Old 06-18-2004, 01:58 PM   #7
AxelFendersson
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Quote:
Quoth Error1312
Where can you find the file /.bashrc?
It's ~/.bashrc you're looking for, not /.bashrc, and it doesn't exist yet. By default, Slackware doesn't create a .bashrc for new users. Do NOT try to modify /bin/bash - that's the shell program that interprets your commands. Break that and your system is seriously screwed (unless you're using an alternative shell, but let's not go into that).

Essentially there are two startup scripts for new shells, .bashrc and .bash_profile . When you start a new shell, then bash will run the .bashrc script in your home folder. If that doesn't exist, it will look for a global alternative at /etc/bashrc . A new login shell, however will try to run .bash_profile (again from your home folder) instead, and if that doesn't exist, it will look for /etc/profile . By default in Slackware, the only one of these four files that exists is /etc/profile . What this means is that login shells will all use /etc/profile , and will have a sensible prompt, path and so on, but regular shells will use the default prompt for bash, and have nothing in the path. You can try to create your own .bashrc , maybe using /etc/profile as a guide to what to put in it (this is the 'right' way of doing it), or you can just make sure that all new shells are login shells (which is significantly easier).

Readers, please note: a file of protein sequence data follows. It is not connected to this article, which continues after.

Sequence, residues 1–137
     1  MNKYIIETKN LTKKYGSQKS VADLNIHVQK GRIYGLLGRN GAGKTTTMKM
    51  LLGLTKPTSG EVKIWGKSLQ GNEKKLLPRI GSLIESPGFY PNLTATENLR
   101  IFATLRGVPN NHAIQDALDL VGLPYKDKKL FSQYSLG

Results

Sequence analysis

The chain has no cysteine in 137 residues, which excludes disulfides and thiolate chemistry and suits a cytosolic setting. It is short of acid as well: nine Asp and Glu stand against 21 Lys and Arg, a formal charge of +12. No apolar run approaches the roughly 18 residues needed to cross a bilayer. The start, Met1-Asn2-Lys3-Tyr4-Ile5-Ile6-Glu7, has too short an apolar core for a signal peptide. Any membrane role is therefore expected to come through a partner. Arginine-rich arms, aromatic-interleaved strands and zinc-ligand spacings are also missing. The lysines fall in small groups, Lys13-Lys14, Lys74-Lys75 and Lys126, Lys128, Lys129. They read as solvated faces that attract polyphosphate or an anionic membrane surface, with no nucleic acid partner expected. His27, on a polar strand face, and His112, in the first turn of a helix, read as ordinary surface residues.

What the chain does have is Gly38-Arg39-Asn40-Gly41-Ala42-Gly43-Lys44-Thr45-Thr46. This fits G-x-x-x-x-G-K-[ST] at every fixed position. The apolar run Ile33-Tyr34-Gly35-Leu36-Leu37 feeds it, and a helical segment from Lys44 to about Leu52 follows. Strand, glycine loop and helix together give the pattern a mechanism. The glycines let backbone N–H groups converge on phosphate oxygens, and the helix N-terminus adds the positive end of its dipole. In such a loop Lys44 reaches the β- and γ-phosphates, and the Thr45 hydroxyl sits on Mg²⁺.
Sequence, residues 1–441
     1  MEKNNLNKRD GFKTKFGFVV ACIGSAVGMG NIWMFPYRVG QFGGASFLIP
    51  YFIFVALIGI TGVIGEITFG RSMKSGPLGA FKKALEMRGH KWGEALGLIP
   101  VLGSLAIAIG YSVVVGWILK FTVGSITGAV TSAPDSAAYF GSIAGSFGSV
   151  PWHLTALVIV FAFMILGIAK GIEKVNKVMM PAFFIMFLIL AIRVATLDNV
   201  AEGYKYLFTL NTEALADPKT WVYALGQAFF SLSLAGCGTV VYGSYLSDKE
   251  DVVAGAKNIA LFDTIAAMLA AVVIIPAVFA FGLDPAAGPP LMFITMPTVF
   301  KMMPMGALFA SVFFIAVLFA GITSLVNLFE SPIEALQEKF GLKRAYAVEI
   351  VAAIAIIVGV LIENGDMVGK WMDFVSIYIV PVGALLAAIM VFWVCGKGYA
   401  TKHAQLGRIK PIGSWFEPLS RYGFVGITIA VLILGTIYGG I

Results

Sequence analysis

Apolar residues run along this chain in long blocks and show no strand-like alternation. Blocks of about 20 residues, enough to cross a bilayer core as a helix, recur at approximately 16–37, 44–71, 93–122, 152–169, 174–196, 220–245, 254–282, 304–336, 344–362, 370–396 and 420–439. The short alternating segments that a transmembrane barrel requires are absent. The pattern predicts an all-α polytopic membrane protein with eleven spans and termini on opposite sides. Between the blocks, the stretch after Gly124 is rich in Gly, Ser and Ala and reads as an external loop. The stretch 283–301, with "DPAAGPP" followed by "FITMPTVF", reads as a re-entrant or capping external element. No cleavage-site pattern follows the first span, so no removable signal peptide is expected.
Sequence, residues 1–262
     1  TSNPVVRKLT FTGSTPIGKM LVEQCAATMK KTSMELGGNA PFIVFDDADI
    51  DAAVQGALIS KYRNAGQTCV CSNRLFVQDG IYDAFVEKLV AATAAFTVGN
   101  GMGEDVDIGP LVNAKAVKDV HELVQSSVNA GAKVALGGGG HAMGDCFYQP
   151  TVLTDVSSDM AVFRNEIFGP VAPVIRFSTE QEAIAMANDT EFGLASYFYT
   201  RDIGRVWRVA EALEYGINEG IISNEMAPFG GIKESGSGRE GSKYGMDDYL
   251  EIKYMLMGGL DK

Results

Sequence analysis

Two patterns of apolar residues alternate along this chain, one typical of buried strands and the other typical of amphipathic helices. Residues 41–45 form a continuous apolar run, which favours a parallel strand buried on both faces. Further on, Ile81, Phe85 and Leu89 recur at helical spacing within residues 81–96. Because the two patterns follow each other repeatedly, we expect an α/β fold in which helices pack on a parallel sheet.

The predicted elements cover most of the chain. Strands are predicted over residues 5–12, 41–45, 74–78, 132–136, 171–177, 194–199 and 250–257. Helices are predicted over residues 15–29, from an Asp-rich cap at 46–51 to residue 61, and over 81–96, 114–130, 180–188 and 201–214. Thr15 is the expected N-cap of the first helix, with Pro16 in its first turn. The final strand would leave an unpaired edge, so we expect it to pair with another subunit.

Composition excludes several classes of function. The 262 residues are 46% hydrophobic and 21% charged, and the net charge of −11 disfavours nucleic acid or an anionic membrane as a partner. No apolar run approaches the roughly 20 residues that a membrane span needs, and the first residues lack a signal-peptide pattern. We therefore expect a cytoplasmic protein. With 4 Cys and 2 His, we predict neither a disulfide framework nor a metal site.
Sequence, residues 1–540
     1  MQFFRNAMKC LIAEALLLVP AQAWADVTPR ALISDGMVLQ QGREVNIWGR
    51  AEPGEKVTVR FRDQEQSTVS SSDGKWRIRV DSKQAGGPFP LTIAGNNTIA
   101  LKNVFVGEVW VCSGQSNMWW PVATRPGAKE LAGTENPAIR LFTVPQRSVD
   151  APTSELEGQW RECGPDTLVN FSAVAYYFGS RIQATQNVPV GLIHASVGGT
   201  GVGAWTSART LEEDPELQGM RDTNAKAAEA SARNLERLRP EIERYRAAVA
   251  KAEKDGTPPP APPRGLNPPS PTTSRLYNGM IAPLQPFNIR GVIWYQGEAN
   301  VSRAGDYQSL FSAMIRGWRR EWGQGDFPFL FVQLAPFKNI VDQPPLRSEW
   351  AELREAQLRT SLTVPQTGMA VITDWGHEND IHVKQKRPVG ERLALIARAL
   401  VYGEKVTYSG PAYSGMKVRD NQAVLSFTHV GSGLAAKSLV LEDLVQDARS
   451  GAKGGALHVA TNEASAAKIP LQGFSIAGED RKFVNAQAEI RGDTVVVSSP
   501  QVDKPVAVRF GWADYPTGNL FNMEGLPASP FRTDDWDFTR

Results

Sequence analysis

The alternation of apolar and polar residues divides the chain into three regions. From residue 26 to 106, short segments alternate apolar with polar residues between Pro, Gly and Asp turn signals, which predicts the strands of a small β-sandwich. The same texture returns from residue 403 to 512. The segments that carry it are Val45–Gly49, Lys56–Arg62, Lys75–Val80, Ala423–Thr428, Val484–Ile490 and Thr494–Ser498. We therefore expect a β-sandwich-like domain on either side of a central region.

Last edited by AxelFendersson; 06-18-2004 at 02:03 PM.
 
Old 06-18-2004, 02:04 PM   #8
aaa
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'~' == your home directory
 
Old 06-18-2004, 02:36 PM   #9
AxelFendersson
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Quote:
Quoth aaa
'~' == your home directory
Sorry, I should have made that clearer.

BTW, in Konsole (KDE terminal emulator) you can make sure you always get a login shell by clicking on Settings -> Configure Konsole... -> Session

Then select 'Shell' from the list, and enter "bash -l" in the Execute field near the top.

Click Ok, then Save.

Also, I notice that your profile says you're running Mandrake and Fedora. I think that Mandrake automatically creates a .bashrc , and Fedora probably does, too. If so, you could copy it over to your home folder on any other distro and it would would probably work fine, so you wouldn't have to mess around with login prompts. Give it a try and see.

Last edited by AxelFendersson; 06-18-2004 at 02:41 PM.
 
Old 06-19-2004, 01:42 AM   #10
Error1312
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Thanks for your help guys. I haven't found the time to try it all yet, but I try to check it out before the end of the day.

By the way, AlexFendersson, I apologize for my wrong profile. It dates back a few weeks ago. Now I'm running Slackware, and it runs smoother than anything else before.
 
Old 06-20-2004, 09:16 AM   #11
Error1312
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Thanks guys, it worked. I have to take a 'Linux Console' instead of a normal shell.

Thanks for all your help.